A tenant may be able to terminate their lease early due to noise. If the noise is so severe so as to disturb the quiet enjoyment of the premises, the tenant will be able to terminate the lease.
Can a Tenant Break a Lease Due to Noise?
A tenant can break a lease due to noise. The covenant of quiet enjoyment is an implied term in every lease that the tenant shall have quiet and peaceful possession of the leased premises against the lessor. The covenant ensures that the landlord is bound to refrain from action which interrupts the tenant’s beneficial enjoyment. The covenant is implied in both commercial and residential leases.
What Qualifies as Noise?
Noise can be any unwanted or disturbing sound. Sound becomes unwanted when it either interferes with normal activities such as sleeping, conversation or disrupts or diminishes one’s quality of life.
How Do Tenants Prove Noise?
Tenants can prove noise by recording the continuous disturbing sounds that are interfering with daily normal activities. Furthermore, a tenant might be able to gather evidence through other tenants’ observations or personal encounters with the noise.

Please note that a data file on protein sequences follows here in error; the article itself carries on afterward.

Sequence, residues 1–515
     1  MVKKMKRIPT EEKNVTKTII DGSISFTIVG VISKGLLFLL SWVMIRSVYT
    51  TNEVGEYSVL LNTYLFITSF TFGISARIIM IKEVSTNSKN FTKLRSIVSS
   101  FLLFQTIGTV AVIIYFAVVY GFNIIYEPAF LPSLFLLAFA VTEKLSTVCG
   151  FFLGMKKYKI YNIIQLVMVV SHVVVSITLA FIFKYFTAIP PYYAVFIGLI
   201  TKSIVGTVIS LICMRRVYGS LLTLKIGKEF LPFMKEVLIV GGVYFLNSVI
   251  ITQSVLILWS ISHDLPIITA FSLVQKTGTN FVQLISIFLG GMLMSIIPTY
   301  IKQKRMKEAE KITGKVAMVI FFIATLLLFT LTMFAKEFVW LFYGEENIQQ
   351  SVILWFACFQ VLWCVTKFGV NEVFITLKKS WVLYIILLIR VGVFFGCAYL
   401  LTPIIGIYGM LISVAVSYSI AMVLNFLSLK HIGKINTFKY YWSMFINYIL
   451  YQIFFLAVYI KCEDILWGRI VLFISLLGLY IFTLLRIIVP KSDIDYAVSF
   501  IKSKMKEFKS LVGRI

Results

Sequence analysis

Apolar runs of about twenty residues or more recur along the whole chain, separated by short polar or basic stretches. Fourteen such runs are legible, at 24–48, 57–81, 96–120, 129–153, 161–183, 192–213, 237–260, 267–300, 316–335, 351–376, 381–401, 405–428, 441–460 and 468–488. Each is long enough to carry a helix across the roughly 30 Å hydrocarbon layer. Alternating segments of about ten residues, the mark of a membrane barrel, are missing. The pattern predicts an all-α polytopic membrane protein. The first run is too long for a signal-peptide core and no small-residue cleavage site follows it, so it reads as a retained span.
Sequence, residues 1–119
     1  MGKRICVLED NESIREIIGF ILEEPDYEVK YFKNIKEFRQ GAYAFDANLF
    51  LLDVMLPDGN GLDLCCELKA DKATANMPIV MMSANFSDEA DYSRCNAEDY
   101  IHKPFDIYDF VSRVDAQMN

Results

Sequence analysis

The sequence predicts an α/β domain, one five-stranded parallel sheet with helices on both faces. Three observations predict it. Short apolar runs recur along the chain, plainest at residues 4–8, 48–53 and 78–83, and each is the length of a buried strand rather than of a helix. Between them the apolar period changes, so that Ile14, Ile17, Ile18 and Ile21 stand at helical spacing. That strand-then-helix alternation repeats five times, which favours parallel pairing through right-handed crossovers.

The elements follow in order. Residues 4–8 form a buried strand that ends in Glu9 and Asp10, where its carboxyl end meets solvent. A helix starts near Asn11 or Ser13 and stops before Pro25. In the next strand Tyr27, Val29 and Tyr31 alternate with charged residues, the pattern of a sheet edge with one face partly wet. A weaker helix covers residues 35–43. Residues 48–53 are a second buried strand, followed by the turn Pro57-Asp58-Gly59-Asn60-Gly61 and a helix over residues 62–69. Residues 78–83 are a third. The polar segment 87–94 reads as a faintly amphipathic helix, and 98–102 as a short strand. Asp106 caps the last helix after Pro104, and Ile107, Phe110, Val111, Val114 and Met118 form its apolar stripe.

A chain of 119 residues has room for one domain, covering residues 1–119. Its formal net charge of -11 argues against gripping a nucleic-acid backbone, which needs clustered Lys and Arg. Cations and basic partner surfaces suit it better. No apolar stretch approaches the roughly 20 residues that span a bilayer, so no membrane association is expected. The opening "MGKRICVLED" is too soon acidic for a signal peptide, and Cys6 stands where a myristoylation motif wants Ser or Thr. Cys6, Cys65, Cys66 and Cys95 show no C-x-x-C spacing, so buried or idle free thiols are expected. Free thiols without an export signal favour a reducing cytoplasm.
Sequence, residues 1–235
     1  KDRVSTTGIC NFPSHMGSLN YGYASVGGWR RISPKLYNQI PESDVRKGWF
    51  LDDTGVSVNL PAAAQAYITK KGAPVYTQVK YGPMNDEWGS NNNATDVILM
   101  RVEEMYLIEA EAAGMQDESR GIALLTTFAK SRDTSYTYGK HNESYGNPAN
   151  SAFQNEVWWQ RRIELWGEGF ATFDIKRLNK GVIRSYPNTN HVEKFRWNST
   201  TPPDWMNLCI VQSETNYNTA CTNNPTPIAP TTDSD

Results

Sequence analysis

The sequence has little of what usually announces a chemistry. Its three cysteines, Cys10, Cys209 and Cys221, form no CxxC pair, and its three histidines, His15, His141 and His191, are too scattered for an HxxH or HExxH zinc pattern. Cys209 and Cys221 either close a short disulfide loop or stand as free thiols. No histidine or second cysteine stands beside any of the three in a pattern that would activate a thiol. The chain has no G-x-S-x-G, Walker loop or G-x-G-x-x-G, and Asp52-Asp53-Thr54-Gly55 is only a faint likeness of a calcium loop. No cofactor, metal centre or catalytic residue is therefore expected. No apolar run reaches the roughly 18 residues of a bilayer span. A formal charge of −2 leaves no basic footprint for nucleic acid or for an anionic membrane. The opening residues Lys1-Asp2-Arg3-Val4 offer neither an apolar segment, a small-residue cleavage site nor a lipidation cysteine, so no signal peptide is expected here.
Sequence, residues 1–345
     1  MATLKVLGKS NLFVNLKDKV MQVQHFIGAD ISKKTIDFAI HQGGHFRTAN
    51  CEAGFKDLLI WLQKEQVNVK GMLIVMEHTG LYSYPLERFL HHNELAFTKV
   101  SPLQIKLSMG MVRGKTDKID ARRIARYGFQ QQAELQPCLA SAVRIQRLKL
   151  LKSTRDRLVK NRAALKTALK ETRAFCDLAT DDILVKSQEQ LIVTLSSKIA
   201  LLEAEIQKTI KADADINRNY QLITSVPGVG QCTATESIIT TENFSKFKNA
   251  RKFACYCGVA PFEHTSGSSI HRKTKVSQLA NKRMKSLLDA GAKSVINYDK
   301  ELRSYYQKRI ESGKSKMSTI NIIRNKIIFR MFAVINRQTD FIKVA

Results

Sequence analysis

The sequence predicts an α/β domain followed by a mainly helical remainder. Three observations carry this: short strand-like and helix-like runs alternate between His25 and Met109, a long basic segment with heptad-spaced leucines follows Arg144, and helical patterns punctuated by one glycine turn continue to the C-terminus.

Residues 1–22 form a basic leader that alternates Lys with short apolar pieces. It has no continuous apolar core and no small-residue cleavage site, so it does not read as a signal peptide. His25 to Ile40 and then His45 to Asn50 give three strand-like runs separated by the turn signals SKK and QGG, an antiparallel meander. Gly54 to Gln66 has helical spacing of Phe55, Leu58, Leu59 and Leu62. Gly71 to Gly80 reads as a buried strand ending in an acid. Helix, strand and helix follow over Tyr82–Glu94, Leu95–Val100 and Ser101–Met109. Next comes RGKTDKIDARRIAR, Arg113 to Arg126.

How Do Tenants Terminate a Lease Due to Noise?
A tenant can terminate the lease for noise by showing some proof of the disturbing noises, notifying the landlord of the issue, and giving the landlord a chance to repair the issues.
Notifying the Landlord
A tenant must first notify the landlord of the defective conditions, in writing. Depending on the state, the landlord will have a certain period of time to address the issues.
Terminating the Lease
The covenant of quiet enjoyment is an implied term in every lease that the tenant shall have quiet and peaceful possession of the premises.
Constructive eviction occurs when the rental premise becomes so uninhabitable that the tenant is forced to leave. This means it is impossible for the tenant to stay on the premise, and hence is constructively evicted by the landlord.
For a tenant to have a constructive eviction claim, they must show the following:
- The landlord neglected a duty
- The place has become uninhabitable
- The landlord was given notice
- The tenant left the premises
If the noise is so great that the tenant can no longer live in the premises, they must provide notice to the landlord. After the landlord has been given notice and they fail to remedy the situation, then the tenant will be able to break the lease.